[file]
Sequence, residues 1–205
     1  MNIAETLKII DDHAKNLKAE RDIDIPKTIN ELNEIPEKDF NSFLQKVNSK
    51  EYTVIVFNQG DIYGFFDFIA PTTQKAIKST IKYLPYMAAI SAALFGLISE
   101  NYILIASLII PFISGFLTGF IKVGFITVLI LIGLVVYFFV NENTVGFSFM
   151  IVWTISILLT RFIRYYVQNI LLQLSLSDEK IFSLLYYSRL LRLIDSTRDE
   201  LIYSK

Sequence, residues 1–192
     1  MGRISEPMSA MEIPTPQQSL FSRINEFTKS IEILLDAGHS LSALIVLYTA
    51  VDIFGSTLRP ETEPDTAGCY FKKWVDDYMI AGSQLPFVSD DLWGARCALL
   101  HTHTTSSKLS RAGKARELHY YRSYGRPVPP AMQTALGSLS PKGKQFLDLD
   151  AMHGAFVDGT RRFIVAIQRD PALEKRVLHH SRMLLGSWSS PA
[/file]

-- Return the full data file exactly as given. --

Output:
Sequence, residues 1–205
     1  MNIAETLKII DDHAKNLKAE RDIDIPKTIN ELNEIPEKDF NSFLQKVNSK
    51  EYTVIVFNQG DIYGFFDFIA PTTQKAIKST IKYLPYMAAI SAALFGLISE
   101  NYILIASLII PFISGFLTGF IKVGFITVLI LIGLVVYFFV NENTVGFSFM
   151  IVWTISILLT RFIRYYVQNI LLQLSLSDEK IFSLLYYSRL LRLIDSTRDE
   201  LIYSK

Sequence, residues 1–192
     1  MGRISEPMSA MEIPTPQQSL FSRINEFTKS IEILLDAGHS LSALIVLYTA
    51  VDIFGSTLRP ETEPDTAGCY FKKWVDDYMI AGSQLPFVSD DLWGARCALL
   101  HTHTTSSKLS RAGKARELHY YRSYGRPVPP AMQTALGSLS PKGKQFLDLD
   151  AMHGAFVDGT RRFIVAIQRD PALEKRVLHH SRMLLGSWSS PA